The presence of OX40-positive T cells at sites of tumor metastases suggests that engagement of OX40 by OX40L or agonistic antibodies may enhance function of tumor-reactive T cells. In various studies, different tumor cells transfected with OX40L were used as vaccines to induce tumor-specific antitumor immunity [for review, see Ref. (14, 15, 61)]. Andarini et al. treated subcutaneous tumors of melanoma, Lewis lung carcinoma, and adenocarcinoma with intratumoral injection of tumor cells expressing mouse OX40L (62). It was shown that the treatment of tumor-bearing mice with tumor cells expressing OX40L induced significant suppression of tumor growth and enhanced survival of the treated mice (21). Similar results were found with EL4 lymphoma cells or with C26 colon carcinoma cells in combination with stimulation of APC function with granulocyte–monocyte colony-stimulating factor [GM-CSF (15)]. In all these experiments, both CD4-positive and CD8-positive T cells were required for the induction of antitumor immunity and both CD4-positive and CD8-positive tumor-infiltrating T cells (TILs) expressed OX40. Nevertheless, it was unclear whether OX40-mediated signaling in CD8-positive T cells might have been required to induce their cytotoxic effector function (21). It is possible that activation of the OX40 receptor increases the function of tumor-specific CD4-positive T cell and allows more efficient effector function as well as the generation of CD8-positive T-cell memory (63, 64). Furthermore, in several preclinical models, treatment of tumor-bearing hosts with anti-OX40 agonistic antibodies or OX40L-Fc fusion protein resulted in a significant tumor regression [for review, see Ref. (21)]. In these studies, it was suggested that activation of OX40 receptor by agonistic antibody or OX40L transgenic tumor cells pushes regulatory T cells (Treg) in suppressing or depletion depending on the context of simulation and the cytokine milieu (65). This activation of OX40 on different T cells with agonistic antibody or OX40L-expressing tumor cells may lead to decreased inhibitory effects mediated by Treg cells and thereby might promote antitumor responses of CD8-positive T cell which is necessary to maintain long-term antitumor responses. It is possible that several different mechanisms are important for the antitumor effects mediated through the activation of the OX40 receptor on T cells (61).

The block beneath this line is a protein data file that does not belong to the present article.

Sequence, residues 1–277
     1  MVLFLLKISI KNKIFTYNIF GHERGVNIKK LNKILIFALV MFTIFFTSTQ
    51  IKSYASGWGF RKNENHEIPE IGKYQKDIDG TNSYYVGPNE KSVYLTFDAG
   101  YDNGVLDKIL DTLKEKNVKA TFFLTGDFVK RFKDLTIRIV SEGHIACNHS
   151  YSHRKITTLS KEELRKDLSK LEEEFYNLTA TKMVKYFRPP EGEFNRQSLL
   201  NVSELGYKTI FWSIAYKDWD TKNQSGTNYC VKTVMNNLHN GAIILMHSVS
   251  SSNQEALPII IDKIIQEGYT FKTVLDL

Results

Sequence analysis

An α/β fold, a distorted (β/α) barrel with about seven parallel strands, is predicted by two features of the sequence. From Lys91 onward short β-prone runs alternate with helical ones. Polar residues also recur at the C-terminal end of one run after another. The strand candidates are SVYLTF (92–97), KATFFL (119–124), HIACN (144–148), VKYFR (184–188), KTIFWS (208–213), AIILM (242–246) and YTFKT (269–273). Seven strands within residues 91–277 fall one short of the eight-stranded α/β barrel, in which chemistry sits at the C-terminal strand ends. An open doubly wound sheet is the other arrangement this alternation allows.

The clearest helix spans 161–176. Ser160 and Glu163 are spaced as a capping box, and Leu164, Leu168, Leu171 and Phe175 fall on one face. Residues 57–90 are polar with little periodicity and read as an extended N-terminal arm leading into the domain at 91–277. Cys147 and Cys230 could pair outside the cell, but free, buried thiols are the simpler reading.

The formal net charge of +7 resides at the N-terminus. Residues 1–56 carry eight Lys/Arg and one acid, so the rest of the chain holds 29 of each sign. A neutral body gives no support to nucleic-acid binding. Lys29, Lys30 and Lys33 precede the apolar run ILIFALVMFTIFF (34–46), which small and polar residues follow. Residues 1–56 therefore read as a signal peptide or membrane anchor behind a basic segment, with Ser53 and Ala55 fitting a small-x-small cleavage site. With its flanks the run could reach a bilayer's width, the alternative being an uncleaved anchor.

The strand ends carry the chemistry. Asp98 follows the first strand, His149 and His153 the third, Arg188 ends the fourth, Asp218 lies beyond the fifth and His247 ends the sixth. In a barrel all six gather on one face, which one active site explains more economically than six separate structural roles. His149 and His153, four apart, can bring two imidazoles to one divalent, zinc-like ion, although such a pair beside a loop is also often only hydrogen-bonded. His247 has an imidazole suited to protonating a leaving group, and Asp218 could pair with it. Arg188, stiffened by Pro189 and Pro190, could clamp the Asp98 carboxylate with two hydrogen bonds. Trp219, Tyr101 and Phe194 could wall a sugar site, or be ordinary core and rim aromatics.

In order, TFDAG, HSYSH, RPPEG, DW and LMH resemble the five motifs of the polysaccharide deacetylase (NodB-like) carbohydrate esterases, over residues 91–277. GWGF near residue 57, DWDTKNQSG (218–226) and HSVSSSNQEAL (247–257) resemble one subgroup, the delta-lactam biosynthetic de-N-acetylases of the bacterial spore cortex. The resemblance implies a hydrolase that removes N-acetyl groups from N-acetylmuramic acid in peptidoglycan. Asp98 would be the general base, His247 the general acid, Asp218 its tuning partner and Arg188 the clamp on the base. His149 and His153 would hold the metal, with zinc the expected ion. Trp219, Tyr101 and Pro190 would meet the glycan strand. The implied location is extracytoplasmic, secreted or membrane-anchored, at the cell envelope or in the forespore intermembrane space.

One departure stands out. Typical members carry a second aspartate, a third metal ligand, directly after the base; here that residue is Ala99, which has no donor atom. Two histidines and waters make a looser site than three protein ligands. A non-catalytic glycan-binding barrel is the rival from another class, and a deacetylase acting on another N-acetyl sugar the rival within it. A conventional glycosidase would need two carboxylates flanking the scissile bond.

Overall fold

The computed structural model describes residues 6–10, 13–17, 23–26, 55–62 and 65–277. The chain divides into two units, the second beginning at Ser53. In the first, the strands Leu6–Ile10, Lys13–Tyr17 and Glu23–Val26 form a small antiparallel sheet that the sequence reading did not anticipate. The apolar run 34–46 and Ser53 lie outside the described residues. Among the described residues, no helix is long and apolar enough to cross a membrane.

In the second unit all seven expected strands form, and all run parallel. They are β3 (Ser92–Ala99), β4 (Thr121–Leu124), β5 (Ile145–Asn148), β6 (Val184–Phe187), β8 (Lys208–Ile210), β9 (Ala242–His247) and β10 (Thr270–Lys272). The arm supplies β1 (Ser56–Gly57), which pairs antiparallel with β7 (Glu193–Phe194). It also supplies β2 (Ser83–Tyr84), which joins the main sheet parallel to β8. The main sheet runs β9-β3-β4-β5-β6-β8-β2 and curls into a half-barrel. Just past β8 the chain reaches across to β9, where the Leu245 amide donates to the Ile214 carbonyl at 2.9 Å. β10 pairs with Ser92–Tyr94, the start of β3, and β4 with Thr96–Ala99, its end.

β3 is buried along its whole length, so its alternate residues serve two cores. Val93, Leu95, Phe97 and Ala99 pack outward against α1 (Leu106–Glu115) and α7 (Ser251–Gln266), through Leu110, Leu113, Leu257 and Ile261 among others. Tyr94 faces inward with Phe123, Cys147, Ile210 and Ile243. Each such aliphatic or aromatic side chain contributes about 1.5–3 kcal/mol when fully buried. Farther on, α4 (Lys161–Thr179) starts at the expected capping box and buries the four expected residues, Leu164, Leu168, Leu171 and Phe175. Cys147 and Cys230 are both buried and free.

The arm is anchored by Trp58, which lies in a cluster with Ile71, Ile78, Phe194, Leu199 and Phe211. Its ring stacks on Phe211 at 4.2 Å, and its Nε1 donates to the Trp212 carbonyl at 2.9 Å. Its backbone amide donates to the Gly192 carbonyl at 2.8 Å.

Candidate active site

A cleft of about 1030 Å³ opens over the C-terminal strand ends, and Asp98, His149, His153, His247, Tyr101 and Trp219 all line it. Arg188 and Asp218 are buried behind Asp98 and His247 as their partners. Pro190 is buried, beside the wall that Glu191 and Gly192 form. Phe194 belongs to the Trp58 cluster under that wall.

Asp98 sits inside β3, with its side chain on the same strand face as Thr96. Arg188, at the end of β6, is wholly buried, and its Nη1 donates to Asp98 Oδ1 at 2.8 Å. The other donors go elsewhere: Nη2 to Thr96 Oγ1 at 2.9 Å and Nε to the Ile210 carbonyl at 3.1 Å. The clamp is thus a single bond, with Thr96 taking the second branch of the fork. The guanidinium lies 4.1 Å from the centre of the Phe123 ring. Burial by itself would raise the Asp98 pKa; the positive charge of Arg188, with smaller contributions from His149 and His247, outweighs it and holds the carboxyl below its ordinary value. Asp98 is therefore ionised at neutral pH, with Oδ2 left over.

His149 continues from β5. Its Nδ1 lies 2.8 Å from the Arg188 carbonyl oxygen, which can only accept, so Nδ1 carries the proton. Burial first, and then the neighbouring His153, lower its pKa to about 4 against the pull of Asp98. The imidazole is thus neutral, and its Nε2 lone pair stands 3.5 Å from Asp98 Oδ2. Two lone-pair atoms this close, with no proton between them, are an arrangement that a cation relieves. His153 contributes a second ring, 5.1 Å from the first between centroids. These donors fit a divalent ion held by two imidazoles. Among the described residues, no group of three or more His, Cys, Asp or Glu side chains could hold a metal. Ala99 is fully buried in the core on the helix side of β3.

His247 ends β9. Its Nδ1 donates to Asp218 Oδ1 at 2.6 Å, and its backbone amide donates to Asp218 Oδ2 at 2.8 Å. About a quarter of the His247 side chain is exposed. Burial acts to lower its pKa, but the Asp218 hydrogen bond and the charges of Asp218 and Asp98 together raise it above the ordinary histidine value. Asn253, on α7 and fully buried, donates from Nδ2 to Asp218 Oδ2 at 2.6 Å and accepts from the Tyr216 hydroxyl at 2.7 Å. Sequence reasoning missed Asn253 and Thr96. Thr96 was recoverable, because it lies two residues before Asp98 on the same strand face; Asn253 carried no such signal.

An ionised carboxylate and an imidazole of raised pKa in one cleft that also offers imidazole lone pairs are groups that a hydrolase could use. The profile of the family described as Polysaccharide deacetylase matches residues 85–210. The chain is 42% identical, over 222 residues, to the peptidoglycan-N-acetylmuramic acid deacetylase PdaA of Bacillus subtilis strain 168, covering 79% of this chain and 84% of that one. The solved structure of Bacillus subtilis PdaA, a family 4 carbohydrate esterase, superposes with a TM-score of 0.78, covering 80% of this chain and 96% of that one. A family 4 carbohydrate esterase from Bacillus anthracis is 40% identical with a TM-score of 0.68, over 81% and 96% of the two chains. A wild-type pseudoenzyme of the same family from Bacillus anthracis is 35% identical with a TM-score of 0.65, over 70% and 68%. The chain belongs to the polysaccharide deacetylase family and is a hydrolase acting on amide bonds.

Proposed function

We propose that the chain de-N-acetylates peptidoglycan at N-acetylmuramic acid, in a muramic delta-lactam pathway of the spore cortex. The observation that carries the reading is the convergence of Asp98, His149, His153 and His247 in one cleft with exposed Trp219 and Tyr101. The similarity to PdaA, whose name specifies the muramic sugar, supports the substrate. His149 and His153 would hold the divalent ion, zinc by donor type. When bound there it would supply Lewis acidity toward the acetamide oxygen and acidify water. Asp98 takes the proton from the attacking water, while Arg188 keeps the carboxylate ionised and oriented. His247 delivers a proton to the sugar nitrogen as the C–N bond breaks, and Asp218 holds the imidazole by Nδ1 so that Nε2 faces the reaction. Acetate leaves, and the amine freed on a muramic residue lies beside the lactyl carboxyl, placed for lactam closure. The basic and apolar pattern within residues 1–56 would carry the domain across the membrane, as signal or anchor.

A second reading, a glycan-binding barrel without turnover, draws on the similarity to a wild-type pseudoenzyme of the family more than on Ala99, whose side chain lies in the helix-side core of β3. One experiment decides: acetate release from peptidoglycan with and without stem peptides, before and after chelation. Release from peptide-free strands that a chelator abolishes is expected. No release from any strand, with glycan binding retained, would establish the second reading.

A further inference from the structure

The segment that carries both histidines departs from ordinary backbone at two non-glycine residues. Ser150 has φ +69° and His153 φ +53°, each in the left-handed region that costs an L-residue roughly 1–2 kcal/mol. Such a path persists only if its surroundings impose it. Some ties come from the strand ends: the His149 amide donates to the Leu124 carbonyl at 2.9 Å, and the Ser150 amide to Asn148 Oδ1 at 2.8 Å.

It is unlikely that the use of only one co-stimulatory molecule will be sufficient for generating immunotherapy strategies to cure patients with different tumor types. However, the use of combinations of several co-stimulatory molecules may be a more effective strategy for producing immunotherapy against cancer. In this context, Cuadros et al. showed a potential benefit of anti-CD137 and anti-OX40 antibodies in enhancing the immune responses in combination with dendritic cell-based vaccines in a Her-2/neu tumor model. The authors showed that joint co-stimulation with anti-CD137 and anti-OX40 agonistic antibodies induce strong effector immune responses depending on both CD4-positive and CD8-positive T cells (66). The combination of activation of two co-stimulatory molecules induces a strong effector immune response by primary CD8-positive T cells that is sufficient to attack established tumors, induce CD4-positive T-cell responses, and generate tumor-specific T-cell memory (66). Furthermore, Pan et al. successfully treated metastatic colon carcinomas with anti-CD137 agonistic antibodies together with IL-12 transfected tumor cells (67). However, the success was limited to small tumors. The addition of anti-OX40 agonistic antibodies to the immunotherapy protocol improved the success also to greater tumors on established colon carcinomas. This triple co-stimulatory combination therapy induced a high CTL activity in the TILs against parenteral tumors, and this effect was partly cell dependent on CD4-positive T cells. These observations suggested that anti-OX40 antibodies enhanced the helper function of CD4-positive T cells that increased the number or activity of CD8-positive T cells against the tumors (67).